Derbyshire couple lose two cats in six months on road plagued by speeding cars

A young Derbyshire couple lost two cats in just six months because of drivers constantly speeding along their road. Demitria Holland and Brendan Weston moved into their home in Park Drive, Ilkeston, in September last year and say they already dislike living in the road due to the 30mph route regularly being used as a “drag strip” by commuters.

Demi, 24, and Brendan, 21, sadly lost their cat Jovi in November last year, followed by Salem in February, with Jovi being hit by a van and Salem by another vehicle. They now have another cat, Moon, who they keep indoors for fear of losing another pet. Demi, who is from Ilkeston and is studying to become a vet, now fears for the safety of her eight-year-old brother who regularly visits their home, and other children who live along the picturesque road.

The couple’s fears come just weeks after a driver was arrested after she flipped her car by crashing into five other cars parked along the road. Software designer Brendan was woken by the incident, which happened at about 10pm on April 19, and helped to get the driver out of the vehicle, but said he was not surprised that the crash had happened due to how common speeding is in the area.

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Demi said: “It’s really sad because I remember coming to look at the house and one of the first things I thought when I was walking down the road is ‘oh my gosh, this is such a nice area’. I remember it being a really nice, sunny day and I thought ‘this looks perfect, this looks like exactly what we’re looking for’.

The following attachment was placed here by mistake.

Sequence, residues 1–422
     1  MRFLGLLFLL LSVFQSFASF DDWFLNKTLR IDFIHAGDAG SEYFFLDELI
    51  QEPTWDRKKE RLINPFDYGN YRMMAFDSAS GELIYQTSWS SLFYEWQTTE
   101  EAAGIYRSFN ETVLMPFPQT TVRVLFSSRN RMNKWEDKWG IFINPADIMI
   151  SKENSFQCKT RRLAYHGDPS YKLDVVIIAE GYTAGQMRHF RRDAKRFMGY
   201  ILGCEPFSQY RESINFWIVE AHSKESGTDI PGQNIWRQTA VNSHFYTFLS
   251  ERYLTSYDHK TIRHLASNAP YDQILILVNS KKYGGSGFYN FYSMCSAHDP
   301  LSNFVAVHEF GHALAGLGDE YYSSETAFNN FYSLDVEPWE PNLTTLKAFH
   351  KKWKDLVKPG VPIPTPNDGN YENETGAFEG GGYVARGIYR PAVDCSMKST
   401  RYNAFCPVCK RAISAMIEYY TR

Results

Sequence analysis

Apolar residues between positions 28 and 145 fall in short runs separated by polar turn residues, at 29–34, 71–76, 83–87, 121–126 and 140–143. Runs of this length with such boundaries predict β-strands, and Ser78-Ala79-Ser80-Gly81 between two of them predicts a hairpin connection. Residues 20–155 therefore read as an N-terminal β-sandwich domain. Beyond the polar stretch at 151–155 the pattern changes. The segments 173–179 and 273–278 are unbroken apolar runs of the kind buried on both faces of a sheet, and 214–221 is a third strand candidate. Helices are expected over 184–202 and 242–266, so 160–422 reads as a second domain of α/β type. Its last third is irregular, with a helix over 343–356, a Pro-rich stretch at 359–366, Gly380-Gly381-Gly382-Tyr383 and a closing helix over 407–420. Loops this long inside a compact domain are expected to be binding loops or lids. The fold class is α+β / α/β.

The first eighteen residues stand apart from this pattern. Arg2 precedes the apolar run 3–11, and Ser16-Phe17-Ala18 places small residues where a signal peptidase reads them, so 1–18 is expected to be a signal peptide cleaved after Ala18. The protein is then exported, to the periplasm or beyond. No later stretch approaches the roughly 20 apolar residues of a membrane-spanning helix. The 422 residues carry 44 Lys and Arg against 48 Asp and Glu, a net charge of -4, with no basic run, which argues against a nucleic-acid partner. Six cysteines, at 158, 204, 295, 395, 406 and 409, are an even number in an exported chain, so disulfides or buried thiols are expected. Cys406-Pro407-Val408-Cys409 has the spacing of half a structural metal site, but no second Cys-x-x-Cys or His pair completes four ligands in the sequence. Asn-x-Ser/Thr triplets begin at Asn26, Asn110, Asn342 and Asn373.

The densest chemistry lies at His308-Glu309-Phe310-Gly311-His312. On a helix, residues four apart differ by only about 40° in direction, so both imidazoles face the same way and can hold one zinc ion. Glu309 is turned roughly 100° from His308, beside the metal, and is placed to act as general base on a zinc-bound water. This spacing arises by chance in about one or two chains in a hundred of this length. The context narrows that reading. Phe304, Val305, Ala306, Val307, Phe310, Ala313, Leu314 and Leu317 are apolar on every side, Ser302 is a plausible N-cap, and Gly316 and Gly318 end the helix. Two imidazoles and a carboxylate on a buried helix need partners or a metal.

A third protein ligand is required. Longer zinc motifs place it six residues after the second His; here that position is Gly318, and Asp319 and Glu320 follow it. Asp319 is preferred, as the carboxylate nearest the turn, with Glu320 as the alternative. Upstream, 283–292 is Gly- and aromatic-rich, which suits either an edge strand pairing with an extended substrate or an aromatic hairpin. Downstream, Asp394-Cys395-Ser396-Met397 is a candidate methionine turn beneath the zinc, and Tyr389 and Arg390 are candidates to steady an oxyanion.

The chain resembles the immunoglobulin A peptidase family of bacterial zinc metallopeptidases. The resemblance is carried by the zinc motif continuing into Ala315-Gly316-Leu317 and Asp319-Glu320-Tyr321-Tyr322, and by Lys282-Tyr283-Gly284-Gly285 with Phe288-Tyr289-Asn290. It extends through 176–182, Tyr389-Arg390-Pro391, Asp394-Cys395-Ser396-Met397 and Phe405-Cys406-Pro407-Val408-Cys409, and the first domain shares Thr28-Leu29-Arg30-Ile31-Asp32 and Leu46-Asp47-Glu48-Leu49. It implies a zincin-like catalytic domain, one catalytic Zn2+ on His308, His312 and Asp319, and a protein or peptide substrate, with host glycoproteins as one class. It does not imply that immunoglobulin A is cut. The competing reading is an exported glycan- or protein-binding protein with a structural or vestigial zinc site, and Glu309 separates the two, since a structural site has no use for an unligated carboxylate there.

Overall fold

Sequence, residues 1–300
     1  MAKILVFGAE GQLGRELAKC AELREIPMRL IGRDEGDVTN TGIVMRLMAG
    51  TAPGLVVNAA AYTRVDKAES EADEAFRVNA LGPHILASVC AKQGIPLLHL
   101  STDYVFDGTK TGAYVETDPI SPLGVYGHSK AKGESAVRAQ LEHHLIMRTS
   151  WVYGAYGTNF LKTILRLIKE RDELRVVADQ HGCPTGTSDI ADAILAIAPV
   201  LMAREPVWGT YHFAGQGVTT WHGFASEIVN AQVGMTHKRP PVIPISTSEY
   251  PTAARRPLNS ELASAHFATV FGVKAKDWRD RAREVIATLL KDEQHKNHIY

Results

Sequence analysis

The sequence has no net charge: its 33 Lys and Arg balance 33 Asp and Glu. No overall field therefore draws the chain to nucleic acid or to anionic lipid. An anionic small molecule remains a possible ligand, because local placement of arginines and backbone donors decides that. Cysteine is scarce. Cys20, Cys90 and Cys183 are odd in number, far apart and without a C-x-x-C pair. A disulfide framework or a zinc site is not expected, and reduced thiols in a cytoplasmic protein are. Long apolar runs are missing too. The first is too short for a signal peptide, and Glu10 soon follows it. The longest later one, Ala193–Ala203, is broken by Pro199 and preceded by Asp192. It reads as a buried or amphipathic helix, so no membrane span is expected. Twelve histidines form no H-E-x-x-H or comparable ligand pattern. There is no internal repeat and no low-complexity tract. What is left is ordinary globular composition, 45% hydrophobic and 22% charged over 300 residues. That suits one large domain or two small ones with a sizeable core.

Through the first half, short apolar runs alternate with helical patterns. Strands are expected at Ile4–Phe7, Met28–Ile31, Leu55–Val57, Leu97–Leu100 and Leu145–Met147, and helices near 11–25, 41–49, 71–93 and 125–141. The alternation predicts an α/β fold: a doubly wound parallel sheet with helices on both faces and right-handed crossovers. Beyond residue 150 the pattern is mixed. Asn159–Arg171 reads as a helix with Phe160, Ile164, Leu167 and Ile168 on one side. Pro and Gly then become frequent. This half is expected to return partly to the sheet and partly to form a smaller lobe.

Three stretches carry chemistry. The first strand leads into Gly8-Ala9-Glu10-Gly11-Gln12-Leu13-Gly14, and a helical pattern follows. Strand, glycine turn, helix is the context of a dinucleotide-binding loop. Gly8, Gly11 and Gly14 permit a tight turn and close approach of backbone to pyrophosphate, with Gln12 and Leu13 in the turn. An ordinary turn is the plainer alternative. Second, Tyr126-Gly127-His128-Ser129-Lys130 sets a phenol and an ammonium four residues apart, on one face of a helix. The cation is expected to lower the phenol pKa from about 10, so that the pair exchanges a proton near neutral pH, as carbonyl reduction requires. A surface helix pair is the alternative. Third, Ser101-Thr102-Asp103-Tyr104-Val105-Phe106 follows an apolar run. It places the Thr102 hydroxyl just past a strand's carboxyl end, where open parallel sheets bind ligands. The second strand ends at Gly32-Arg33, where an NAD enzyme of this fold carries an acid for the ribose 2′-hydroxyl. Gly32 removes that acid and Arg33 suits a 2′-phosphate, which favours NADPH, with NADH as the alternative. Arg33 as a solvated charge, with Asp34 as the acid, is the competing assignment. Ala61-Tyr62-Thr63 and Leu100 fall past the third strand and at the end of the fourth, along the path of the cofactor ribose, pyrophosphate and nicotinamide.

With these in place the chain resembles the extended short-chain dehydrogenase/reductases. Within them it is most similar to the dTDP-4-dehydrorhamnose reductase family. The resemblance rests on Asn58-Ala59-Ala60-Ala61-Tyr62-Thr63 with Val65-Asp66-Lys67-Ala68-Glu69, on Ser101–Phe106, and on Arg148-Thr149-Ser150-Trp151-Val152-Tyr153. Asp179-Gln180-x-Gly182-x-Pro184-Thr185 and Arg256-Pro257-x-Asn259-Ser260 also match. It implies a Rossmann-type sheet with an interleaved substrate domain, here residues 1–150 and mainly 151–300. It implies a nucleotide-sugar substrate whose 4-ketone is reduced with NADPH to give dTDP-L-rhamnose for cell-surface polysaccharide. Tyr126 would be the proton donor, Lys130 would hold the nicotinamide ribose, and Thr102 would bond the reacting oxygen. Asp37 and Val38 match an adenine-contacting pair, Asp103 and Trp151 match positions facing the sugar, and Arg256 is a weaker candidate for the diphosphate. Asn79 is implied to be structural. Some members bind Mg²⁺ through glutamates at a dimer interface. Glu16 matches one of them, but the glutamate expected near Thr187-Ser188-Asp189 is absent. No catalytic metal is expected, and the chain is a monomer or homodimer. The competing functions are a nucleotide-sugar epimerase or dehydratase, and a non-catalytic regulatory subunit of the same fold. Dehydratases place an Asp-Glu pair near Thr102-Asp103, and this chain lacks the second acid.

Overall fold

Demitria Holland and Brendan Weston, pictured, are considering leaving their home due to speeding drivers in Park Drive, Ilkeston.
Demitria Holland and Brendan Weston are considering leaving their home due to speeding drivers in Park Drive, Ilkeston.

“Not long after we moved, that’s when everything started to come to light and it’s hard for us. Brendan hates it because of the speeding.

“Our pets were our children, they were our family and this is what made us kickstart the whole issue. It’s made us more concerned for young ones that live here, that’s the main worry, because there are a lot of children around here. It’s a prime family area, you’ve got two schools, a Morrisons, frequent buses. Everyone at first glance thinks it’s an amazing place to raise a family but everyone is upping and leaving.”



Jovi and Salem were both killed after being hit by a vehicle.
Jovi and Salem were both killed after being hit by a vehicle.

Brendan added: “I’ve already said I hate living here, I hate the area, because of this. I came here and a few weeks in, Jovi died, and he was like my best mate. Just as we were getting over that, Salem got hit and killed. You can tell from his collar, the speed he was hit. It was a pristine collar and now it is mangled and wrecked.”

Meanwhile, Demi and Brendan, who have been together for over two years, have tried to take a proactive stance in dealing with the issue, sending out flyers to neighbours to ask what solutions would be preferred to tackle the problem. Favoured solutions include a 20mph speed limit and the introduction of speed humps, while they have continued to send several videos of speeding cars caught with her own CCTV camera to authorities.